Houston’s first homes were so meager that an early traveler, navigating his way up Buffalo Bayou in 1837, didn’t even notice them, or the town, for that matter. “Just before reaching our destination a party of us, becoming weary of the steamer, took a yawl and concluded we would hunt for the city,” wrote Dr. John Washington Lockhart. “So little evidence could we see of a landing that we passed by the site and [ran] into White Oak Bayou, realizing that we must have passed the city when we struck the brush.”
When he finally backtracked, Lubbock discovered that the first Houstonians lived in rudimentary shacks; others, too poor to afford lumber, had erected tents. By the end of the year, however, the city had made astonishing progress, according to Sam Houston: “On the 20th of January,” wrote the Republic of Texas president, “a small log cabin and 12 persons were all that distinguished it from the adjacent forests, and now there are upwards of 100 houses finished, and going up rapidly (some of them fine frame buildings).” Over the years, those “fine frame buildings” have given way to mansions, manors, and modernist showpieces, and yet there are some constants—the housing market is still booming, and people are still flabbergasted by the city’s capacity for growth.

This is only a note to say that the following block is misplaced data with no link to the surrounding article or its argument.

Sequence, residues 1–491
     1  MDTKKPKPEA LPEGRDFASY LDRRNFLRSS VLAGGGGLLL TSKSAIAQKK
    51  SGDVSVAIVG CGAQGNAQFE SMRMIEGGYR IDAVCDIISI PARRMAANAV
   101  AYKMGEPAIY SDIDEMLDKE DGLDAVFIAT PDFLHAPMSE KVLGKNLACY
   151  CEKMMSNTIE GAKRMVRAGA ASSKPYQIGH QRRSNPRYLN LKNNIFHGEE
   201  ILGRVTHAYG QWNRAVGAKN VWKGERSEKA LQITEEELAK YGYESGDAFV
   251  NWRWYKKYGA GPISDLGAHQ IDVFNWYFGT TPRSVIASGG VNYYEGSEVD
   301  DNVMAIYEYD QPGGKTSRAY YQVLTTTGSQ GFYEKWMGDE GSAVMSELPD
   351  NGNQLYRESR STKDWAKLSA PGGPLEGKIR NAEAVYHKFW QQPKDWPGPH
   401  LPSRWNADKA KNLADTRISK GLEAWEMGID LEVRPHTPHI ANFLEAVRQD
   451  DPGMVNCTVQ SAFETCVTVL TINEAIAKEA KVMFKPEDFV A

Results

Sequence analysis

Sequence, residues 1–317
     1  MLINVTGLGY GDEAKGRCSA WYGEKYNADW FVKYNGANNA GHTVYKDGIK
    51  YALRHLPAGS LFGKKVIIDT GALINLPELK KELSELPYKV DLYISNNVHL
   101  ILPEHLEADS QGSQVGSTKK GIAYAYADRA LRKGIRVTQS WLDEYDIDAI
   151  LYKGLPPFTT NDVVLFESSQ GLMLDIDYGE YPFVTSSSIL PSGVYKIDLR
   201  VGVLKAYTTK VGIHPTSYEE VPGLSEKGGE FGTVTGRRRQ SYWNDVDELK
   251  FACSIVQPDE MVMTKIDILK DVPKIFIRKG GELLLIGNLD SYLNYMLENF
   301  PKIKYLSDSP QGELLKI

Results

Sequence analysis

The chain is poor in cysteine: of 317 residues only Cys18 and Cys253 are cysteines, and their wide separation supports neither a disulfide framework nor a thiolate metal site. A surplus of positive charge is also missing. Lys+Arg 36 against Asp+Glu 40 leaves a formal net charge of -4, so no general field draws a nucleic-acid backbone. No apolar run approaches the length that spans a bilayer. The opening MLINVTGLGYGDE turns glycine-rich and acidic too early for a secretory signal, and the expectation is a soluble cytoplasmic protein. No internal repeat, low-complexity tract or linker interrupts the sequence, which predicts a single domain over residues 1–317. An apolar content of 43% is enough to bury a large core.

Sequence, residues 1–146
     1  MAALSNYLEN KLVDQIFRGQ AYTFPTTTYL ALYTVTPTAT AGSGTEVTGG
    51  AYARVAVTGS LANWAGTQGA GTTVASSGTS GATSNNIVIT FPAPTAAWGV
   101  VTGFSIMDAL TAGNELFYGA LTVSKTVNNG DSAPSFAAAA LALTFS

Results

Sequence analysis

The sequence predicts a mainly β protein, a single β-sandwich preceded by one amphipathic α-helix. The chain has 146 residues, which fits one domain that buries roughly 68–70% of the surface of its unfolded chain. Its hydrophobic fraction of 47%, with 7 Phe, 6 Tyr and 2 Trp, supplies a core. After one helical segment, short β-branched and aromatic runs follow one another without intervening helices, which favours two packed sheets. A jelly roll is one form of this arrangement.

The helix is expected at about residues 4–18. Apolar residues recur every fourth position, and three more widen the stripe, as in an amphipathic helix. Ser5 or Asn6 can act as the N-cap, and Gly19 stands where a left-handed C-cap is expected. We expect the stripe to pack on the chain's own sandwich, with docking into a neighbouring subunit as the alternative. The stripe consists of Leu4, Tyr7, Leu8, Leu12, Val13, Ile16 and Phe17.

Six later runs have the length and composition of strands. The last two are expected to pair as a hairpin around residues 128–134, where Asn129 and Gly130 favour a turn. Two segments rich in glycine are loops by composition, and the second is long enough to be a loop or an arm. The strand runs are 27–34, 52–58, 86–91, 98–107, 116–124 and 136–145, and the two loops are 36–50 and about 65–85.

But what makes a great home? Is it cutting-edge architecture? Size and expense? Livability? Those are the questions Houstonia recently posed to a panel of four local architecture experts, whom we assembled to help choose the 10 greatest homes that exist in Houston. Prior to that, we asked each panelist to submit a personal top 10 list, which we then compiled into a single long list of candidates—you can see the entire thing on our website, at houstoniamag.com—which we asked our jury, led by architectural historian and professor Stephen Fox, to discuss one by one. Some were quickly rejected; others received near-universal praise; still others provoked heated debate. By evening’s end, however, we had achieved rough unanimity.
The 10 houses on our final list were built between 1847 and 2012 by architects both obscure and world-famous. Some are massive; some are modest. Some are still inhabited; some are now museums. There are Houston icons and hidden gems. The only thing these houses have in common, it seems, is their greatness according to one panel of experts. And while there’s surely no Platonic Form of housing greatness, we like to think that, to paraphrase former Supreme Court Justice Potter Stewart, all of us know greatness when we see it. —Michael Hardy